Being in another country is like having my birthday every day of the year.  I wake up and find that I’m much more excited about it than everyone else.  And that excitement comes from seeing something new every time I step out the front door.  What’s going to come next?  A run-in with the Ukrainian Mafia, an opportunity to lift a burning car off of a group of small children, or maybe I’ll even muster up the courage to order something in a café where they don’t speak English! 

Now that you’re practically an expert in the Ukrainian language, you can clearly see that this signs says, “My dog is very friendly, feel free to come play with him anytime!”

I just never know what sort of excitement life is going to hand me.  And that café experience really was an exciting adventure because I had to leave behind what was most familiar to me, language, and walk on uncertain ground (I’m just glad their menu had pictures!).  Which is the epitome of what travelling represents, tackling the mass of mystery surrounding everything from grocery stores to street names. 

See, most people don’t like the unknown.  I think that’s why so few people are willing to travel.

But never fear for your good friend Chris is here to help you on your way to becoming a world class language learner through the Ukrainian context.  So put on your star-spangled coat and pants, strap yourself in, and let’s jump this shark!

Wait a second, why do I need to learn their language?

Good question.  I myself was surprised to find that English isn’t the only language on Earth.  In fact, almost every country has their own!  I guess it all started because of some Tower of Babel nonsense.  Boy did those guys make a mess of things!  Since most Ukrainians don’t speak English it’s a good idea to take an interest in learning their language.  This is beneficial because it shows people that you’re working hard to engage with them.  Meet people halfway when it comes to the language stuff and you’ll be amazed at how many great conversations will inevitably ensue.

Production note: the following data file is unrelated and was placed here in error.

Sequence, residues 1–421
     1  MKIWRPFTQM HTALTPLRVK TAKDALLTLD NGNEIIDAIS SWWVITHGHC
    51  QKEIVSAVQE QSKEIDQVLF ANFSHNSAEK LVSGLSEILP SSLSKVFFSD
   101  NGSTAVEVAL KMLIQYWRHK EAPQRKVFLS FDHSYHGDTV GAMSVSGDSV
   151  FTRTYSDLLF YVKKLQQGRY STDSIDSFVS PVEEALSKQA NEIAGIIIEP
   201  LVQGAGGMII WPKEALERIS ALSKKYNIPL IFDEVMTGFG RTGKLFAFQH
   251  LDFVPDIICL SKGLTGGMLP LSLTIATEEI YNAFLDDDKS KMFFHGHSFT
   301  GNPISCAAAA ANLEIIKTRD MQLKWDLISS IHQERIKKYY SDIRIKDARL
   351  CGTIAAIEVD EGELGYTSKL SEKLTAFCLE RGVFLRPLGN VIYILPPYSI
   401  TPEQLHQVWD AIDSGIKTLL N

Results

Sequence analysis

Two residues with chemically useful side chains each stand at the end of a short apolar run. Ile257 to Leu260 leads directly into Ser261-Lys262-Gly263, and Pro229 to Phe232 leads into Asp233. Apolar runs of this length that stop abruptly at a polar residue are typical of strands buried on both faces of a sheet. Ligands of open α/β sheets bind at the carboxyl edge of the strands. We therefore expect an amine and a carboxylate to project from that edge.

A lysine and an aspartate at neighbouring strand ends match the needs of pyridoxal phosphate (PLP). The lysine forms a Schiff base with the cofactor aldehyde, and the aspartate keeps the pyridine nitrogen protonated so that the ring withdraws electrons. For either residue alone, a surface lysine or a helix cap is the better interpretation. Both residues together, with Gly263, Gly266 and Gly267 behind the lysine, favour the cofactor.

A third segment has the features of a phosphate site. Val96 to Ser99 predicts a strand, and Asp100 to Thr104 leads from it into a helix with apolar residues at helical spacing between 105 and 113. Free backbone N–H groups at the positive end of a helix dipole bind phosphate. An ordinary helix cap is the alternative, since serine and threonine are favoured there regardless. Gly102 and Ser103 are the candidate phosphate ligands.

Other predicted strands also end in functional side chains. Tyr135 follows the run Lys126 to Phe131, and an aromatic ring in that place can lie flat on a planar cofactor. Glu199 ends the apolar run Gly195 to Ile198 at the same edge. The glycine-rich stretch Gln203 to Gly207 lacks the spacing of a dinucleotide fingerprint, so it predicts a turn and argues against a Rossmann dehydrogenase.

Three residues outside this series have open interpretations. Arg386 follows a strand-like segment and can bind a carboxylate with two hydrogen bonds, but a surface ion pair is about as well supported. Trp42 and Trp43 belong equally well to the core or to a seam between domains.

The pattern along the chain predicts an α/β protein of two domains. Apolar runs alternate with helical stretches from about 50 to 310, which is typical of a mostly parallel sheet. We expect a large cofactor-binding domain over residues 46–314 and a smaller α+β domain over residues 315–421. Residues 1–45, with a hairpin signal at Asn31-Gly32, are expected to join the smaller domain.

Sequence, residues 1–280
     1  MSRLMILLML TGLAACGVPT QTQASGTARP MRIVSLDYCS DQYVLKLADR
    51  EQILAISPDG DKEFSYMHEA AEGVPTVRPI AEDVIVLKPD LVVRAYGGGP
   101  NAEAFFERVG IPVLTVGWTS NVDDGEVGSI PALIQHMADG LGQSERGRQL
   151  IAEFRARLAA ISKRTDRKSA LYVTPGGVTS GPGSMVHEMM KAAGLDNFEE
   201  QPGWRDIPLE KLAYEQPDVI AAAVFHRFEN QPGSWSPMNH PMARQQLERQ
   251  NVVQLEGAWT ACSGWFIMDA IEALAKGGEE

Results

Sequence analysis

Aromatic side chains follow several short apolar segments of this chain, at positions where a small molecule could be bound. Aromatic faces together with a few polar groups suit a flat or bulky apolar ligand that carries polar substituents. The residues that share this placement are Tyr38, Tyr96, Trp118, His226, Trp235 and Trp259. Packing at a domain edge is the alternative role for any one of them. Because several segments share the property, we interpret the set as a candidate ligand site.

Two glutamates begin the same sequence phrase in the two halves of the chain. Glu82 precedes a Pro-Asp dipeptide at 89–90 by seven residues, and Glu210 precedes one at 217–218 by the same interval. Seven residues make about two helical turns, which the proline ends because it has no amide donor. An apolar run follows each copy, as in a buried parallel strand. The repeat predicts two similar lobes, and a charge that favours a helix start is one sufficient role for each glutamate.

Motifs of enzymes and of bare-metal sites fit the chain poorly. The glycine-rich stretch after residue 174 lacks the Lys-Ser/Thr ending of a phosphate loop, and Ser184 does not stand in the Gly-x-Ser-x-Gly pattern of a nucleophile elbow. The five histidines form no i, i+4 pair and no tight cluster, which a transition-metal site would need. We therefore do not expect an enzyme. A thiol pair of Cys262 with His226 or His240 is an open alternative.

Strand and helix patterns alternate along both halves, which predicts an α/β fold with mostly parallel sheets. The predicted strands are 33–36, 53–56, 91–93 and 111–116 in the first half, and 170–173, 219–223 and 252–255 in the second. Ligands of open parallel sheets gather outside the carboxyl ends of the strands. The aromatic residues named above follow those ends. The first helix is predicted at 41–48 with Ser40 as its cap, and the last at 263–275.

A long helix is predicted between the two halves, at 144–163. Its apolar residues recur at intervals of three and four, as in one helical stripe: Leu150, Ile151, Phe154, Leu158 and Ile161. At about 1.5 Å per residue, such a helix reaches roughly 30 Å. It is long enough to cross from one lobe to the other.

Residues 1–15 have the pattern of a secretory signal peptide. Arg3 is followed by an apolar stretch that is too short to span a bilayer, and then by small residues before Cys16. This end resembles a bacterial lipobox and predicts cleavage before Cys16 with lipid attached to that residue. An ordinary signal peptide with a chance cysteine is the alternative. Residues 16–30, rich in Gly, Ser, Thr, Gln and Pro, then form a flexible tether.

But let’s get down to brass tacks.

This little girl might not look that intimidating, but let me tell you what, she is a language ninja!

This little girl might not look that intimidating, but let me tell you what, she is a language ninja!

Don’t waste your time trying to learn languages ahead of time.  Like everything else in life, put it off until the last possible minute because it’s usually a pretty easy task.  Oh, and since you’re headed to Ukraine, you’ve got two languages to learn; Russian and Ukrainian.  I guess the whole soviet occupation thing was kind of a big deal or something because now everyone speaks an odd amalgam of the two.  Once you arrive, spend a few minutes picking up both languages and figuring them out.  I’ll give you a minute to get them straight…alright, that should be enough time.  Now just speak like a local.

What’s that?  You need MORE help?  Gosh, slow learners or something.  Alright fine, I’ve got a few more tips for you.

1.  Ask questions, all the time!  Seriously, it’s better to sound ignorant initially by over-asking than to stay quiet and prove that fact later.

2.  Immediately start using any basic phrases you learn.  You would be amazed at how many opportunities there are to say Please, Thank you, and You’re welcome.

3.  Always triple check pronunciation because odds are the accent is really going to trip you up.  I’m not kidding, you’re going to have to learn how to make somewhere in the neighborhood of fifty different “e” sounds and, as my choir teacher always said, “Practice makes permanent.”

4.  Learn a two or three sentence introduction.  This is key because, as a visitor, you’re going to have to introduce yourself to someone new almost every day.  This is a great way to impress your hosts and will spark countless conversations.  Though sometimes those conversations will be with children who speak infinitely better than you do and all you can manage is a feeble, “I don’t understand” in reply.